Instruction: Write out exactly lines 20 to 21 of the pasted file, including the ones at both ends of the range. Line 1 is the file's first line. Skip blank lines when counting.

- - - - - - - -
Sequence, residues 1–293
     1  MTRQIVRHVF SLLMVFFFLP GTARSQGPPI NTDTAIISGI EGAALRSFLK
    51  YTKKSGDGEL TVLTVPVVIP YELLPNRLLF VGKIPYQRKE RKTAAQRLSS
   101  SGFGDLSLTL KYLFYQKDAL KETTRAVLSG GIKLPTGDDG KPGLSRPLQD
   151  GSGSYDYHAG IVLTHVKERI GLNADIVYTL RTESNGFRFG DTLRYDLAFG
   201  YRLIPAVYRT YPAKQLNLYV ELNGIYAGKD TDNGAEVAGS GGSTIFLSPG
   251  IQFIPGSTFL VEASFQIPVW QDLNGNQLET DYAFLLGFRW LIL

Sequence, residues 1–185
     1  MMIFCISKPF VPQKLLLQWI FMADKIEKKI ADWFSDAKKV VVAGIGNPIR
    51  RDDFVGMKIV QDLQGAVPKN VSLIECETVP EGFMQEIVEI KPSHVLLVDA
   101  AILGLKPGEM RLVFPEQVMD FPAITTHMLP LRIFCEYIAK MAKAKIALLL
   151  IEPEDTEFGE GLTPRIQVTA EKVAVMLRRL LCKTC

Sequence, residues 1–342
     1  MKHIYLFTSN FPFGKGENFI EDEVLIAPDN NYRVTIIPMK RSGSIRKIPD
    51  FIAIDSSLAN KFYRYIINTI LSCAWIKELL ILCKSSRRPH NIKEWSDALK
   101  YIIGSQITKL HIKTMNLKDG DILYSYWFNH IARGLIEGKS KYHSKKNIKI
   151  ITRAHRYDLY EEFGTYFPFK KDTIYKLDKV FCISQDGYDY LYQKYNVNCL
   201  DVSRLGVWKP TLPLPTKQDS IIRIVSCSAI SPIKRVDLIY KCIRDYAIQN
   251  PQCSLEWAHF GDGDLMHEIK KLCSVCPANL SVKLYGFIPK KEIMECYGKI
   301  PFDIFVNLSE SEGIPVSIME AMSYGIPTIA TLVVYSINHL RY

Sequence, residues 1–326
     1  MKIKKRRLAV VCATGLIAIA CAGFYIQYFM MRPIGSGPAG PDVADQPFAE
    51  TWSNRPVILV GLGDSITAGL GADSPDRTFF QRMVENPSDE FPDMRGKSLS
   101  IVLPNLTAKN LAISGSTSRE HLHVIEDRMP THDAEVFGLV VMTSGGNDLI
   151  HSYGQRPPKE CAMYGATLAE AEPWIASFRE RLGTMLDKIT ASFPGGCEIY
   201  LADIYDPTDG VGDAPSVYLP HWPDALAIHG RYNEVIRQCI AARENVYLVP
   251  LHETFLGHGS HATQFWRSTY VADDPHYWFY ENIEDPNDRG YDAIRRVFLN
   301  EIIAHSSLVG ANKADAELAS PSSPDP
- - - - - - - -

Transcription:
   301  PFDIFVNLSE SEGIPVSIME AMSYGIPTIA TLVVYSINHL RY

Sequence, residues 1–326